12. For the large candy container warehouse that I am building (click here to read more details), I need three more builds: A candy feeding mechanism. I need a mechanism that feeds one candy at a time to a conveyor belt. Color detection. The color of the candy needs to be determined. Systems that puts the candy into a container. The container can then be conveyed to the warehouse where it can be stored sorted by color. The color as determined in step 2, needs to be passed to the warehouse brick so it can store the container on the right level. Color detection (step 2) I started with step 2. To realize the candy sorter, I needed to know if a Pixycam (see www.charmedlabs.com/default/pixy-lego/) can distinguish the colors of the candy. The colors are not bright (like the Lego bricks), so I wasn't sure if it was possible. I created a quick setup to test the color detection: Next, I placed the four different candies (Fruit-tella) on the conveyor belt and programmed the camera for the four colors. This is the image of the camera, from left to right: (1) raw video, (2) cooked video (= mix of raw video + color detection) and (3) detection only video. Finally, I made a simple test EV3 program. With the addition that the detected block should be more than 20 pixels in width, it detects the candies in the correct color. Candy feeding mechanism Ok, so I have a conveyor belt with a candy on it. But how do I get the candy, one by one, on the conveyor belt. This is where the feeder comes in. I searched the internet for 'real life' solutions. I found out that a rotary feeder or bowl feeder would do best. I tried to make a vibratory bowl feeder (out of 16 circle gear rack elements 24121), but that didn't work. However, rotating the bowl seemed to work so I made a prototype based on rotation and gravity. The bowl is placed at an angle of +/- 20 degrees and then it just rotates in a steady pace. The result was good: it never happened that two candies were fed to the conveyor at the same time. The next step is to make a more solid version and add the color detection unit to it. I'll keep you posted. Enjoy, Hans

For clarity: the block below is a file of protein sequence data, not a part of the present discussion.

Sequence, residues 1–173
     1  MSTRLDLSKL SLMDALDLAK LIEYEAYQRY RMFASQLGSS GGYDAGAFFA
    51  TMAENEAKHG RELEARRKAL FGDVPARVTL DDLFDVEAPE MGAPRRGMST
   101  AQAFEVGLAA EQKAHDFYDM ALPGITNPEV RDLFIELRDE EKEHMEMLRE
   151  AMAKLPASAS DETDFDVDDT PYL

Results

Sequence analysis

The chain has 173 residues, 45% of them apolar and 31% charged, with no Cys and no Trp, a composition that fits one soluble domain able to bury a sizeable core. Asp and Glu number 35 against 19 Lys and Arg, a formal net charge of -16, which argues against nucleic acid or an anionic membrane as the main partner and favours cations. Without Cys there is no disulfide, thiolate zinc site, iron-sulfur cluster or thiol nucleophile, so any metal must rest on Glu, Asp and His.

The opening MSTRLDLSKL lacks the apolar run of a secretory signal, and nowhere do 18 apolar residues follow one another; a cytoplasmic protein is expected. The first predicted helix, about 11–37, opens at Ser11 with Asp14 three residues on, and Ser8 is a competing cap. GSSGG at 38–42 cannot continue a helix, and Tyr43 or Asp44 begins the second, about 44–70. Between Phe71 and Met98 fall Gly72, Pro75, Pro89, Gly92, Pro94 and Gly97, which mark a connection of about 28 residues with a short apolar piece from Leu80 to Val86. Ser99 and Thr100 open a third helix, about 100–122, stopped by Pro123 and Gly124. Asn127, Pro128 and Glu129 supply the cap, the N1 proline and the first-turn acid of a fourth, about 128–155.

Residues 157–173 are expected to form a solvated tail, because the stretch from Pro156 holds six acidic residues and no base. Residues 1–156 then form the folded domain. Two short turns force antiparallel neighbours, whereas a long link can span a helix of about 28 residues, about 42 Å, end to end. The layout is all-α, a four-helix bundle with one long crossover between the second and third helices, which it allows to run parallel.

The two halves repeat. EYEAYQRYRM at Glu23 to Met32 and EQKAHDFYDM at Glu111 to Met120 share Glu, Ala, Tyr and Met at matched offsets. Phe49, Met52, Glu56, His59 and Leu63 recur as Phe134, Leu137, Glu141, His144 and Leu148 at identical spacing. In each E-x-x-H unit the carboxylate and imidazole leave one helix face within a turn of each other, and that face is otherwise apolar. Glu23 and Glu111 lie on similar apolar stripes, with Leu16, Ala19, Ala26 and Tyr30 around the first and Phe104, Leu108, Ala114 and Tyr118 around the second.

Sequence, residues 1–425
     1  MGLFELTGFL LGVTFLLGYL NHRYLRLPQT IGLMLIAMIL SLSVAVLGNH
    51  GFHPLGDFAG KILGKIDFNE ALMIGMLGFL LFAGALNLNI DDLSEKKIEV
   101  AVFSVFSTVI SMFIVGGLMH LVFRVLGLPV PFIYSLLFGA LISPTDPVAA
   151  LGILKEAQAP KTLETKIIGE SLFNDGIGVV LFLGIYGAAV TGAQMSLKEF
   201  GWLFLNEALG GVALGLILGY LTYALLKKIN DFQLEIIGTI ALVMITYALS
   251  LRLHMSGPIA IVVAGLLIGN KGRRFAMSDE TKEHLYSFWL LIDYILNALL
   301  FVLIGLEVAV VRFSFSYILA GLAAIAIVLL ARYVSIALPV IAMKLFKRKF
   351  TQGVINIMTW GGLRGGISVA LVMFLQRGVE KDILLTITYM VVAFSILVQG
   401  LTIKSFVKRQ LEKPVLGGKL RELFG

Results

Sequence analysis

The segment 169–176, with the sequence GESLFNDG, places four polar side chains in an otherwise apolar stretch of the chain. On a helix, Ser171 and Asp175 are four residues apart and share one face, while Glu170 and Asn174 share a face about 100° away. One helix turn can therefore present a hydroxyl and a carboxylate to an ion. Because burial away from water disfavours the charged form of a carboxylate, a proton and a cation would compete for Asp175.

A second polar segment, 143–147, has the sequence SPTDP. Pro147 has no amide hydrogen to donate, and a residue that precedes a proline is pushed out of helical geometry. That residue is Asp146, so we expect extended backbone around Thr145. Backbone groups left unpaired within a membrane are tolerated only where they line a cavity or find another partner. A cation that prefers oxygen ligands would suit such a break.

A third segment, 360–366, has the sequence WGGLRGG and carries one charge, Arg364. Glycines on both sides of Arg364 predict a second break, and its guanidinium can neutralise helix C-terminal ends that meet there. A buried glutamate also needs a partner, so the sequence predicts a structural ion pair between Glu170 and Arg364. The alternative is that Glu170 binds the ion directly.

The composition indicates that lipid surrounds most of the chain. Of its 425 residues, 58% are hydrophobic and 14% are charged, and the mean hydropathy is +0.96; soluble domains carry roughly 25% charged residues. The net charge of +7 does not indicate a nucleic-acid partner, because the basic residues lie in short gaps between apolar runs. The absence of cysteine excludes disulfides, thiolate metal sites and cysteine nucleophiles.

13. Here's something a little different, I needed a sorting machine using Tensorflow, Raspberry Pi and EV3 (with RPyc), so 45544 fit the bill pretty nicely. The project took a couple of weeks to get up and running mostly due to having no exposure to either EV3, Tensorflow or RPyC, but it is definitely achievable with some shoe-horning here and there. Don't hate my LEGO extension to the 45544 sorter too much, it was quick and nasty, the project isn't about the elegance of that side of things, it is more about making an end result that works doing something the EV3 can't on its own. And work it does, it is able to reliably discern 4 image types stuck onto 3D printed tiles (in place of the technics bricks). In the shorter term I will design and 3D print a support structure to hold the Raspberry Pi + camera. That part will be done using driven design workflow in Autodesk Inventor, feeding in known LEGO brick dimensions for quick & easy parts alignment. In the longer term I can see the addition of a vibratory bowl feeder with tiles being recycled after sorting for continuous operation. Right now it is a technology demonstrator that will be used to introduce school children to some modern technology, I should be able to complete a design manual for them to replicate my working design. Check it out if you're at all interested in controlling the EV3 externally to greatly expand its functionality: https://www.youtube.com/watch?v=wSSh9iV70ng